Kenya Children Hurt In Church Grenade Attack, One Child Killed

A number of children have been hurt in a grenade attack on a church in the Kenyan capital, Nairobi, police and media say.

The attacker targeted the Sunday school section of St Polycarp’s church on Juja Road.

The Daily Nation newspaper said one child was killed.

A spokesman for the police said they suspected sympathisers of Somalia’s al-Shabab Islamist militants were to blame for the attack.

The spokesman, Charles Owino, told Reuters news agency: “There was an attack at St Polycarp’s church on Juja Road. Three children were injured.”

The Daily Nation quoted local police as saying that a number of those hurt at the church were injured in a stampede after the attack.

Mr Owino added: “We suspect this blast might have been carried out by sympathisers of al-Shabab. These are the kicks of a dying horse since, of late, Kenyan police have arrested several suspects in connection with grenades.”

Kenyan troops are at present part of an African Union force that has forced al-Shabab from its last Somali urban stronghold of Kismayo.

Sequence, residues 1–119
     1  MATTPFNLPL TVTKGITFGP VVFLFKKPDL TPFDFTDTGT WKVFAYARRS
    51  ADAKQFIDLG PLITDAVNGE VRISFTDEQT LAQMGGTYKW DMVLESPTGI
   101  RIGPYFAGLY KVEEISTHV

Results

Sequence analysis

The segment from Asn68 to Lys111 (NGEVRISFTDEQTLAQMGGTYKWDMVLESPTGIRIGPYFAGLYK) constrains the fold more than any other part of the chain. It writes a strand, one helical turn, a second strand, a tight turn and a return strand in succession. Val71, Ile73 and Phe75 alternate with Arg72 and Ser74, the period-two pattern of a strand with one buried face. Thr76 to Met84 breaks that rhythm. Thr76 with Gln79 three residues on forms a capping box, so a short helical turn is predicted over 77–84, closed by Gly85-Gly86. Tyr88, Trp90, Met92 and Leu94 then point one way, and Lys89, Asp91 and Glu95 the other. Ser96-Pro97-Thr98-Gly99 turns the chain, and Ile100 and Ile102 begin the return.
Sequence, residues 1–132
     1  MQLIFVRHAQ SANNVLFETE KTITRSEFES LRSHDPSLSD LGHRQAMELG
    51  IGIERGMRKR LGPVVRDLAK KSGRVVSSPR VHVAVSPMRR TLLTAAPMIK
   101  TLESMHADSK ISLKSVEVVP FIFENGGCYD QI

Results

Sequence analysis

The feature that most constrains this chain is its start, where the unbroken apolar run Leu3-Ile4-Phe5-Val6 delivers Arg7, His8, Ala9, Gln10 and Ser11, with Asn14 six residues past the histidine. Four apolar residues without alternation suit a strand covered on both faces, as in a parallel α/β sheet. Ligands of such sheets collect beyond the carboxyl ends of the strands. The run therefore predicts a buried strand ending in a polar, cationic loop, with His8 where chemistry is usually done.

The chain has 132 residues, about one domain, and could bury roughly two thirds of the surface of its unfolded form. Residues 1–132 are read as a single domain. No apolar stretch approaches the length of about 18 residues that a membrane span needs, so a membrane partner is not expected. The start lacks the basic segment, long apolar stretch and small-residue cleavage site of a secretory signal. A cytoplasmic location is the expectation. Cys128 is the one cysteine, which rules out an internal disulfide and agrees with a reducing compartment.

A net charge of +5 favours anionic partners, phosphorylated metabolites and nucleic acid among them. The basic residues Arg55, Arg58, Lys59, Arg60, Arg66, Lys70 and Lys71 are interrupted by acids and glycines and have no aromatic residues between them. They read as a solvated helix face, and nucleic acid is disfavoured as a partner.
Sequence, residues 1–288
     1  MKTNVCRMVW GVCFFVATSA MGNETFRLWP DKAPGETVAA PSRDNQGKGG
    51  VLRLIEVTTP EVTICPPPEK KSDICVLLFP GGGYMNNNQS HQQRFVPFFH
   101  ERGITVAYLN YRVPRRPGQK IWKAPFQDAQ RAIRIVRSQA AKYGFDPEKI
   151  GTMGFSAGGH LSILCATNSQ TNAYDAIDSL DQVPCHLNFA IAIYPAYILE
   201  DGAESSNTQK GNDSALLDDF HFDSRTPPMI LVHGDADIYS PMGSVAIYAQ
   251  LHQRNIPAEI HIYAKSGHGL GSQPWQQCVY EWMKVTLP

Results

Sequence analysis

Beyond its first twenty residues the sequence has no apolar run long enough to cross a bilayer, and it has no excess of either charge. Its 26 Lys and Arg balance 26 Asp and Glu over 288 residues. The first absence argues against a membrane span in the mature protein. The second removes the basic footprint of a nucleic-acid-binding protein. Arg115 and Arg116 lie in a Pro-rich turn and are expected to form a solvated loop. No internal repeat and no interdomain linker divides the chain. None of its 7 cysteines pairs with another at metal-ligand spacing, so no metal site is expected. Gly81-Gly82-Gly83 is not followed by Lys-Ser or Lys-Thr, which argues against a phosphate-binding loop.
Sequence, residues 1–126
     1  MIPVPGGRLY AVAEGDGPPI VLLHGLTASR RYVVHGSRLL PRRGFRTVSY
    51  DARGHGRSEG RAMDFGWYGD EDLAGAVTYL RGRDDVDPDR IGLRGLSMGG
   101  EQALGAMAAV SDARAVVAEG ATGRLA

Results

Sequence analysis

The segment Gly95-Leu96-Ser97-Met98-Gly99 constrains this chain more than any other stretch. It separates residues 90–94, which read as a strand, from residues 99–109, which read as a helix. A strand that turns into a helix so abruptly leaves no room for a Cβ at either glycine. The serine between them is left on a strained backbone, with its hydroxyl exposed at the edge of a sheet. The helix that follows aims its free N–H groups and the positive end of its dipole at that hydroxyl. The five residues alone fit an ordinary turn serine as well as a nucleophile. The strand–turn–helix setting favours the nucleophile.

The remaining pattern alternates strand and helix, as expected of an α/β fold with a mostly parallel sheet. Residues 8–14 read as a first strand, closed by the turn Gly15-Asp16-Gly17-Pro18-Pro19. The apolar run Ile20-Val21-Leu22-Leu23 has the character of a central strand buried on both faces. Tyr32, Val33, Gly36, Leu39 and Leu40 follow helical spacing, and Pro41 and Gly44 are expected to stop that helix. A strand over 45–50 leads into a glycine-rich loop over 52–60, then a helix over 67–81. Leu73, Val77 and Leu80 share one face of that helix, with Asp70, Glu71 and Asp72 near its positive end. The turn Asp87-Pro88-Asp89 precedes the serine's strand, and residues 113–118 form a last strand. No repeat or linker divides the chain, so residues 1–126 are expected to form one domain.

‘Another Nigeria’

Nairobi and the port city of Mombasa have suffered a series of grenade attacks since Kenya sent troops into Somalia last October.

The attacks in Mombasa escalated after radical Islamist preacher Aboud Rogo Mohammed was killed in a drive-by shooting in August.

In July, 15 people were killed in raids on churches in Garissa, near Kenya’s border with Somalia.

There was speculation that al-Shabab or its sympathisers were responsible.

Those attacks prompted the country’s Inter-Religious Council chairman to urge a united front against sectarian division.

Adan Wachu told the BBC Network Africa programme at the time: “There are people out there who are determined to make Kenya another Nigeria.

“It’s not going to be allowed to have a sectarian division in this country – whoever wants to do that will of course fail.”

Attacks on churches in Nigeria have been frequent this year.

Many of them have been blamed on the Boko Haram group, which wants to establish Islamic law in a country where the north is largely Muslim and the south mainly Christian and animist.


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